• Implement the Niigata Declaration on Food Security, and reaffirm our commitment to a standstill, first made by APEC Leaders in 2008, as it pertains to export restrictions and other WTO-inconsistent trade measures; and
• Facilitate commerce and promote economic growth by pursuing liberalization of air cargo services.
Promoting Green Growth
We are committed to advancing our shared green growth objectives. We can and must address both the region’s economic and environmental challenges by speeding the transition toward a global low-carbon economy in a way that enhances energy security and creates new sources of economic growth and employment.
We have advanced these objectives significantly in 2011. In 2012, economies will work to develop an APEC list of environmental goods that directly and positively contribute to our green growth and sustainable development objectives, on which we are resolved to reduce by the end of 2015 our applied tariff rates to 5% or less, taking into account economies’ economic circumstances, without prejudice to APEC economies’ positions in the WTO. Economies will also eliminate non-tariff barriers, including local content requirements that distort environmental goods and services trade (see Annex C). Taking these concrete actions will help our businesses and citizens access important environmental technologies at lower costs, which in turn will facilitate their use, contributing significantly to APEC’s sustainable development goals.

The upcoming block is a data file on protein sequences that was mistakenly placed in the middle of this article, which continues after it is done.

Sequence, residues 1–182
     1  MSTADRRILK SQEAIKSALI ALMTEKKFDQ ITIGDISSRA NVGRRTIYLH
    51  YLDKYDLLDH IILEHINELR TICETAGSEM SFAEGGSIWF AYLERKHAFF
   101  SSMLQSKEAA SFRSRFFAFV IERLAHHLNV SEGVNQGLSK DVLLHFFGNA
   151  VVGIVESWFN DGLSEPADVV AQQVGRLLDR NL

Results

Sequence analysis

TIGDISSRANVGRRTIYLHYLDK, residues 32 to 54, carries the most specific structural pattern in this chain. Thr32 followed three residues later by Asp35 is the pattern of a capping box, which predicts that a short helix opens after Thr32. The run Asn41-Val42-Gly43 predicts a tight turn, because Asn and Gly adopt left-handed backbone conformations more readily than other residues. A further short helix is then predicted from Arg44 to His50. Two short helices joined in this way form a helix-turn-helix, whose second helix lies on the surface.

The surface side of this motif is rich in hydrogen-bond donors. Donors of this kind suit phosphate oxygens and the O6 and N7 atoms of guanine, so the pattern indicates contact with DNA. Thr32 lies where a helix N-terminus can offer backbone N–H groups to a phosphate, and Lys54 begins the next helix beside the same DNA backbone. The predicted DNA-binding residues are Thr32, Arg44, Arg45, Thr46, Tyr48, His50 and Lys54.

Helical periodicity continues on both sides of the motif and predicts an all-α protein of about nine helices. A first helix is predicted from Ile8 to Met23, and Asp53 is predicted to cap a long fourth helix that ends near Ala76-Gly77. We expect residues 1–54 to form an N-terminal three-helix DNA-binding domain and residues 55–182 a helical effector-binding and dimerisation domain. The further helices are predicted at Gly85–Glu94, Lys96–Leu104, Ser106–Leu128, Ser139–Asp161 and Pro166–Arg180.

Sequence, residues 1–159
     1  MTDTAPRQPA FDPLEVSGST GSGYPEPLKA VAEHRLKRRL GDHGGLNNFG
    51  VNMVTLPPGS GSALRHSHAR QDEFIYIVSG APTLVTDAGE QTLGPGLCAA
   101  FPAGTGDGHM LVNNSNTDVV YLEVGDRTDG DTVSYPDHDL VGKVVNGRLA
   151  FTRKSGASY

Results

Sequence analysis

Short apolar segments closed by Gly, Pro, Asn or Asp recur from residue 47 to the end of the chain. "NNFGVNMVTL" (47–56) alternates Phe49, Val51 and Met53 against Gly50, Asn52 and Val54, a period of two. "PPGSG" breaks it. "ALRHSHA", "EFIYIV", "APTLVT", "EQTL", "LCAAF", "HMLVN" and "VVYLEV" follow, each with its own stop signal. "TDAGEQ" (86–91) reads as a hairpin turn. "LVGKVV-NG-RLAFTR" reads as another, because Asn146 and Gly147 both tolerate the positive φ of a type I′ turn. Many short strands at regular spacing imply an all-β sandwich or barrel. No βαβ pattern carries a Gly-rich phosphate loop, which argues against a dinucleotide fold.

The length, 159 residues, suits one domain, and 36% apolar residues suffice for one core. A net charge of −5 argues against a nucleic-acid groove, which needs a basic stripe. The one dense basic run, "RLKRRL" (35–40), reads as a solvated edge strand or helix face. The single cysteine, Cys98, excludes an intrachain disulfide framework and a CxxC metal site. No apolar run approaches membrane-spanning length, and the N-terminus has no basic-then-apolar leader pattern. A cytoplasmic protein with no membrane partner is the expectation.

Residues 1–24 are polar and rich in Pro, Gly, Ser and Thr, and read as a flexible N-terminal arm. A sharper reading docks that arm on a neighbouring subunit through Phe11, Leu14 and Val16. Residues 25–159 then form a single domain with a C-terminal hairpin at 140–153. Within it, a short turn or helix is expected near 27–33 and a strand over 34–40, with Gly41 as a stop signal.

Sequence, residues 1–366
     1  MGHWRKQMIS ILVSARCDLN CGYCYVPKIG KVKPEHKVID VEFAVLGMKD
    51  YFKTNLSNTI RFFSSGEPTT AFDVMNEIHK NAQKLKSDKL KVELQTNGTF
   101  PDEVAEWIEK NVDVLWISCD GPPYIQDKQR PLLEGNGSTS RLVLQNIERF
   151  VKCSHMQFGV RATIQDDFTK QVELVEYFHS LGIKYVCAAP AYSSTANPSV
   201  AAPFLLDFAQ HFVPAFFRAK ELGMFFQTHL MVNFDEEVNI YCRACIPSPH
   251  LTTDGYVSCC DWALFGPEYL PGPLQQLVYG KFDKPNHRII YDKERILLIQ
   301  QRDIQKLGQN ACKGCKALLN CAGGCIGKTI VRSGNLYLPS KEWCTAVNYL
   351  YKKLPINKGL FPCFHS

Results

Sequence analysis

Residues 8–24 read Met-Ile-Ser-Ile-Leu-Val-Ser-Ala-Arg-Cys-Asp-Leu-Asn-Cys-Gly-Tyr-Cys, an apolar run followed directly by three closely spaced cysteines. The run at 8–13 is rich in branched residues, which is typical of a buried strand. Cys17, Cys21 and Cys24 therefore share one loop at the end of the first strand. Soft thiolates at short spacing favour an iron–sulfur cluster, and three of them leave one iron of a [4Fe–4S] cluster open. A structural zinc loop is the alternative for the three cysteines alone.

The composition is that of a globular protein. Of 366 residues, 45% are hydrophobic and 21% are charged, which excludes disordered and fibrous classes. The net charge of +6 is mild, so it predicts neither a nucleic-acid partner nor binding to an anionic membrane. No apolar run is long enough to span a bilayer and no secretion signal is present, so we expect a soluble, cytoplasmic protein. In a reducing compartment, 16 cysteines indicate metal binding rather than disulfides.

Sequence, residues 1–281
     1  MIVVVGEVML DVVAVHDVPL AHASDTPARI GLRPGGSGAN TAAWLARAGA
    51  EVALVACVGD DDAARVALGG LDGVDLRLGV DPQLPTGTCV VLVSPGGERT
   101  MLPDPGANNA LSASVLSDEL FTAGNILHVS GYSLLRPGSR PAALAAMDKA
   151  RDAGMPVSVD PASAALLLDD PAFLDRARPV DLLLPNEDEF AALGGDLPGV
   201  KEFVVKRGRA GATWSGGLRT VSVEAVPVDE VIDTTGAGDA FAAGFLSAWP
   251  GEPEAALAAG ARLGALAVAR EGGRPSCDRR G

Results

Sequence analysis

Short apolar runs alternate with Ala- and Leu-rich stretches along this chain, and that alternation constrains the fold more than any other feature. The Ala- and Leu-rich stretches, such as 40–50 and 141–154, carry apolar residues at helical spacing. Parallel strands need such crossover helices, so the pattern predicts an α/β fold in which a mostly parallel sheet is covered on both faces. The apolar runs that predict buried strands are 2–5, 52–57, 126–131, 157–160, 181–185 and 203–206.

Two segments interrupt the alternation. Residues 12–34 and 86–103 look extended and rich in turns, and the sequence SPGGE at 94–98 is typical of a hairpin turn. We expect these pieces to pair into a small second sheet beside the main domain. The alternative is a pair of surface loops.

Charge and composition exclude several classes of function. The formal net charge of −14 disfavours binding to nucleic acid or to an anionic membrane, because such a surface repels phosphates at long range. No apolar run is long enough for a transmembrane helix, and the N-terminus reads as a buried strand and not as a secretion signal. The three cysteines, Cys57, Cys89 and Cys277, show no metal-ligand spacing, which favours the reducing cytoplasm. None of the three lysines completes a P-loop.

We will also take the following steps to promote our green growth goals:
• Rationalize and phase out inefficient fossil-fuel subsidies that encourage wasteful consumption, while recognizing the importance of providing those in need with essential energy services, and set up a voluntary reporting mechanism on progress, which we will review annually;
• Aspire to reduce APEC's aggregate energy intensity by 45 percent by 2035;
• Promote energy efficiency by taking specific steps related to transport, buildings, power grids, jobs, knowledge sharing, and education in support of energy-smart low-carbon communities;
• Incorporate low-emissions development strategies into our economic growth plans and leverage APEC to push forward this agenda, including through the Low-Carbon Model Town and other projects; and
• Work to implement appropriate measures to prohibit trade in illegally harvested forest products and undertake additional activities in APEC to combat illegal logging and associated trade.
Regulatory Convergence and Cooperation